On March 4, 1988, petitioner refinanced the Burke Property. Petitioner borrowed $475,000 from San Francisco Federal Savings (San Francisco Loan) and paid off the remaining $323,731.51 balance of the TIAA Loan and the Owen's Financial Loan, the remaining balance of which was $86,181.50. Respondent has conceded that petitioner was entitled to deduct the interest on the San Francisco Loan in 1989 and 1990. But the 1988 interest, which substantially contributed to petitioner's net operating loss for that year, has not been conceded to be deductible.
The San Francisco Loan required petitioner to pay $3,994.06 interest and principal monthly, beginning on April 1, 1988, and continuing every month thereafter for 12 months. Afterward, the note established a new monthly payment for the next 12 months depending upon market interest rates. The total of the payments required in 1988 was $35,946.54.
The interest rate of the loan was fixed at 9.5 percent for the first 6 months of the loan. After that, the interest rate varied from month-to-month in accordance with current market interest rates. As of the end of 1988, the interest rate on the San Francisco Loan had increased to 11.307 percent.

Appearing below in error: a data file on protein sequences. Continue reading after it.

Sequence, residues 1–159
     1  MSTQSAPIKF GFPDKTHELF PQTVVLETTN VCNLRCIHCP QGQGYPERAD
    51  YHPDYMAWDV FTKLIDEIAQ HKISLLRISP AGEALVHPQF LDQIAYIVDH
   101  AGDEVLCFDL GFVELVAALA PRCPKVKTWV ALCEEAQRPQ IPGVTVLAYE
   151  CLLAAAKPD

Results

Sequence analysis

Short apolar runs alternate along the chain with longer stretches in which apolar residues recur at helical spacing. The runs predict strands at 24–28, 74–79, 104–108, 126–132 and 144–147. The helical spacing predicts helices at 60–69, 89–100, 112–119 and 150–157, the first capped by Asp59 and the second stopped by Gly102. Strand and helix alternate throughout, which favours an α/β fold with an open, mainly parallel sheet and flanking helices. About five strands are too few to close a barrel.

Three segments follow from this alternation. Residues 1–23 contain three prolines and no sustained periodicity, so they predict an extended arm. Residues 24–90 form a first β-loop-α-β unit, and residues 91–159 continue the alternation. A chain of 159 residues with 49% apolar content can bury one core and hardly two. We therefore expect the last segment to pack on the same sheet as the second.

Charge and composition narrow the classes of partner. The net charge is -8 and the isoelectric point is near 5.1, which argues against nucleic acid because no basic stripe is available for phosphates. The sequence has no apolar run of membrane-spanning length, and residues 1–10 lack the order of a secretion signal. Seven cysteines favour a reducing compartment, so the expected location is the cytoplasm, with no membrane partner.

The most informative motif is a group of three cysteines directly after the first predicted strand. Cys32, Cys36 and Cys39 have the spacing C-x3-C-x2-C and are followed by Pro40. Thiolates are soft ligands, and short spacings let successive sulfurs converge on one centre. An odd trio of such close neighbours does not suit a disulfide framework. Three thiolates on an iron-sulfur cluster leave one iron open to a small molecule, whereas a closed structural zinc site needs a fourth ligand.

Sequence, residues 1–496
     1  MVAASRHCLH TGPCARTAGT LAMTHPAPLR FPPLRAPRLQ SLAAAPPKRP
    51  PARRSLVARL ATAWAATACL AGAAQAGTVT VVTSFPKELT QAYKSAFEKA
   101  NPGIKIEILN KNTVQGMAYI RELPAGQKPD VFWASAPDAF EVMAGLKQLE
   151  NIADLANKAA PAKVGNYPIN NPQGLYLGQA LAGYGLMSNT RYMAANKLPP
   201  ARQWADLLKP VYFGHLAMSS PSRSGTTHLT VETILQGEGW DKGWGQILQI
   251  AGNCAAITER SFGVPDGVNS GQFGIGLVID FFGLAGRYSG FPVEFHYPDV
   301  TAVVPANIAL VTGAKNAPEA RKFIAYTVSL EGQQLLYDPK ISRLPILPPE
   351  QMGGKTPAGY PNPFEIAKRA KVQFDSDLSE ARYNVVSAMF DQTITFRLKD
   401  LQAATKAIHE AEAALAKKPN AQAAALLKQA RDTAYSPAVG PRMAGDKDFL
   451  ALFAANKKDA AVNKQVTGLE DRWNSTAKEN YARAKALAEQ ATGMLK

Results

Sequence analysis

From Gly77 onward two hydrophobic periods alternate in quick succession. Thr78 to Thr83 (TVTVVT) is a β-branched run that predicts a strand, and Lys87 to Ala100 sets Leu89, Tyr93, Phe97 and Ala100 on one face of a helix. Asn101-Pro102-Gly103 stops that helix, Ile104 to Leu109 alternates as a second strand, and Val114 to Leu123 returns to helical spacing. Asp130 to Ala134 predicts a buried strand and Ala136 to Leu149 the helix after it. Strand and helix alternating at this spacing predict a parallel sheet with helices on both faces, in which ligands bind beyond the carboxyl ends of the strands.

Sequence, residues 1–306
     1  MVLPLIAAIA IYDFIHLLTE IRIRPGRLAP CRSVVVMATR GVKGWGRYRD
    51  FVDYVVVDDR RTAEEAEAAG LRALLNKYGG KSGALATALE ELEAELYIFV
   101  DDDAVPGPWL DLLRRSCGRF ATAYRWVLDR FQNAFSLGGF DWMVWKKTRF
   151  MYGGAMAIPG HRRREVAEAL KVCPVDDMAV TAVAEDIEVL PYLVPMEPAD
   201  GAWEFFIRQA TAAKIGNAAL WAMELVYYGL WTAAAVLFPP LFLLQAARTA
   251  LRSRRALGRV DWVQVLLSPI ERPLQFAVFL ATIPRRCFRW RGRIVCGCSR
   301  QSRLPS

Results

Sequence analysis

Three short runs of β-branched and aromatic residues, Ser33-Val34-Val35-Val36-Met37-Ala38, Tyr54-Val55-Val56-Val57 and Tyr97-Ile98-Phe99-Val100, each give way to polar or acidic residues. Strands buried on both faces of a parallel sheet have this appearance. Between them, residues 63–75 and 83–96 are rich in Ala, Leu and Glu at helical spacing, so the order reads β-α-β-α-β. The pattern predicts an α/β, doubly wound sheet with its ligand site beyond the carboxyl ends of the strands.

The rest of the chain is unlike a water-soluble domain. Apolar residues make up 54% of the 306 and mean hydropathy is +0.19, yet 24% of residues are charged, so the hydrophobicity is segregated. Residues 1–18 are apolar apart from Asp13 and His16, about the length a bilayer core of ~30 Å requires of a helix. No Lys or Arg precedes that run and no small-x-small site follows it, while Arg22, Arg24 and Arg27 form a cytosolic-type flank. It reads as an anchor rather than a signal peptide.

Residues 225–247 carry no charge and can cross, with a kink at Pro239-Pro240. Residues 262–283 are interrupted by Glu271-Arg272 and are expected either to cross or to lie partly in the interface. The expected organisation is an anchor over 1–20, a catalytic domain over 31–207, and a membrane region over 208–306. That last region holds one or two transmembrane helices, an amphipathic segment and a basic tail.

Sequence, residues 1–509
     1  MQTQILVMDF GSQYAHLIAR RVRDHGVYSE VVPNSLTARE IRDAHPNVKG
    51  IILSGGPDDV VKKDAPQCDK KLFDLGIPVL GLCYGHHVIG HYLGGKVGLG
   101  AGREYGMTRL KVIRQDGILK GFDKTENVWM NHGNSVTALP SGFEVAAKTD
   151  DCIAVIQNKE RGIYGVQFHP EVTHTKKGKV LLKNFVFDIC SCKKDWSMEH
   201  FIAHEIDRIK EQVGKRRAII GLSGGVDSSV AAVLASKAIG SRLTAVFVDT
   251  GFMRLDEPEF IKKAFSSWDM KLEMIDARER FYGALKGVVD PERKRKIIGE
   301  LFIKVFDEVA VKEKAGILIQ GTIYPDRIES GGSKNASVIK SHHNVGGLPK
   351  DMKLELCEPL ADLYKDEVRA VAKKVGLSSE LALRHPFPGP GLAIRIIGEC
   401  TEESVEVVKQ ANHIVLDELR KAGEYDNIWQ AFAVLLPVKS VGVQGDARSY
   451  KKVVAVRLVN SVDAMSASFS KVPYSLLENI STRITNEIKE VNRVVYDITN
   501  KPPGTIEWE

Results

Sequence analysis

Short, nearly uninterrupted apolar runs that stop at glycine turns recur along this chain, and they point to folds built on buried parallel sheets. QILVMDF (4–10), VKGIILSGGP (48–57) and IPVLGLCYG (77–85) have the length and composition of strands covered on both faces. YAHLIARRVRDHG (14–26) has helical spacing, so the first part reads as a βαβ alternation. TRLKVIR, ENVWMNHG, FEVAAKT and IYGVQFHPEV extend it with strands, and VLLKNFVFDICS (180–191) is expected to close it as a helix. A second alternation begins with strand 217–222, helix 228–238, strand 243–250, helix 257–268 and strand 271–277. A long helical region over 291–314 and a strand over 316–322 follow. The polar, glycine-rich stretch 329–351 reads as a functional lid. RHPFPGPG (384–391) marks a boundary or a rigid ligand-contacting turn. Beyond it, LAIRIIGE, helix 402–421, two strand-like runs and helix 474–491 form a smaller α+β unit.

As previously stated, petitioner controlled several subsidiaries over the years. These were Controlled Casting Systems Corp. (Controlled Casting), National For Sale by Owner Realty Corp. (Sale By Owner), National Industrial Management Corporation (Industrial Management), and Far Western Real Estate Corp. (Far Western). For the years for which petitioner's returns show consolidated losses, the separate gains and losses of petitioner and its subsidiaries are as follows:
* represent years in which petitioner's consolidated return did not include the subsidiary.